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Author Topic: After market back boiler for my wood stove?  (Read 15025 times)
Imintheshed
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« on: October 27, 2008, 02:18:18 PM »

Hi all.
With my Solar panel struggling to achieve much in the current gloom, I was wondering if any one knows of an after market 'bolt on' water boiler that I could mount behind/on top of or around my existing wood burner? I have no idea what model it is (it has French origins judging by the hilarious 'allo 'allo style handbook), but, being an 'insert' type its rather conveniently rectangular in shape (ie no pretty canopies) and it does belt out the heat. I couldnt bring myself to conceal the top of it (like I guess you are supposed to with this design) because it cooks our chestnuts in the winter. There is therefore a good sized 'hole' on top (60cm wide x 30 deep x 15cm high); alternatively I could risk a hernia  Lips Sealed and drag it out of the fireplace to free up some space behind.
I've read the various threads on where the water would go once heated......is nothing ever simple?? And will cross that bridge when I get to it!
Any ideas gratefully recieved!
Cheers
Rich
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lightfoot
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« Reply #1 on: October 31, 2008, 11:28:46 AM »

Hi Rich,

If you don't know anyone locally that could knock you one up, the likes of McDonalds Engineers sell back boilers....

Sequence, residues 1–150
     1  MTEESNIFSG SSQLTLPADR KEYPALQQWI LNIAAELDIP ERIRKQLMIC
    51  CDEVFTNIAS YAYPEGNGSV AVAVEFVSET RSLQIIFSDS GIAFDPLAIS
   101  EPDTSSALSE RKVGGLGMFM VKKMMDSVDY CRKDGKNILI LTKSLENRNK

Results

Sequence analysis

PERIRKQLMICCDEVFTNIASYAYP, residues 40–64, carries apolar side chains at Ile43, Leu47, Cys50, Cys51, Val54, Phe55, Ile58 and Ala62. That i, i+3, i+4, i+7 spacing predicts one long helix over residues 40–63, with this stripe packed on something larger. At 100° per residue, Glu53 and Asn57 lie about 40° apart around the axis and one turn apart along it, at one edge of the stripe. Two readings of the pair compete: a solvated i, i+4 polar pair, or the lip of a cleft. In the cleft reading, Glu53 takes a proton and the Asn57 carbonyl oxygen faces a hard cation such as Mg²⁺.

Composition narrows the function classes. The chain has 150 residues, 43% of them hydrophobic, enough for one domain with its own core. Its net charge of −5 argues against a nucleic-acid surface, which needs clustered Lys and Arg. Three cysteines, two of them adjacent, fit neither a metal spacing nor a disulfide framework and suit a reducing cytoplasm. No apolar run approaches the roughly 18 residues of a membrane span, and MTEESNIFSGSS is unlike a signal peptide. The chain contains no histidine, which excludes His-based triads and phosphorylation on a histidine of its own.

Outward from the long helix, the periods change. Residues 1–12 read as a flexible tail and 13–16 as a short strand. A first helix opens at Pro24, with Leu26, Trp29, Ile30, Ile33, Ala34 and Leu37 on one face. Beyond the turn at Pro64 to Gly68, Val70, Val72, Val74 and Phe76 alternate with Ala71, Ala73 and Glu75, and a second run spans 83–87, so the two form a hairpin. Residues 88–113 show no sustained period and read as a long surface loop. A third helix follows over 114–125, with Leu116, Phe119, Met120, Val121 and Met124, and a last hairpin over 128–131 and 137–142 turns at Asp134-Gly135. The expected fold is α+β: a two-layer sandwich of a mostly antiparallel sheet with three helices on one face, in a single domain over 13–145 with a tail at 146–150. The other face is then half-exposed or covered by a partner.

http://www.mcdonald-engineers.com/products/backboilers.htm

You could also possibly install some kind of heat exchanger in the flue way to extract the heat from the flue gases, like a high efficiency log boiler/WBS, rather than a back boiler around (and cooling) the fire itself.  Obviously you would need access for cleaning and ensure that it doesn't adversely effect the passage of the flue gases etc, but also you need to ensure that you don't cool the flue gases too much, especially with over sized/poorly insulated or short chimneys, else you may not have sufficient draft and also cause condensation and tar to form in the flue etc.


Good luck,

Lightfoot.
« Last Edit: October 31, 2008, 11:41:31 AM by lightfoot » Logged

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Ivan
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« Reply #2 on: November 01, 2008, 10:06:00 PM »

How well would a heat exchanger from a gas boiler cope inside a woodburner? I know it's not ideal, or designed for the job, but there are very cheap units available off the shelf.
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dhaslam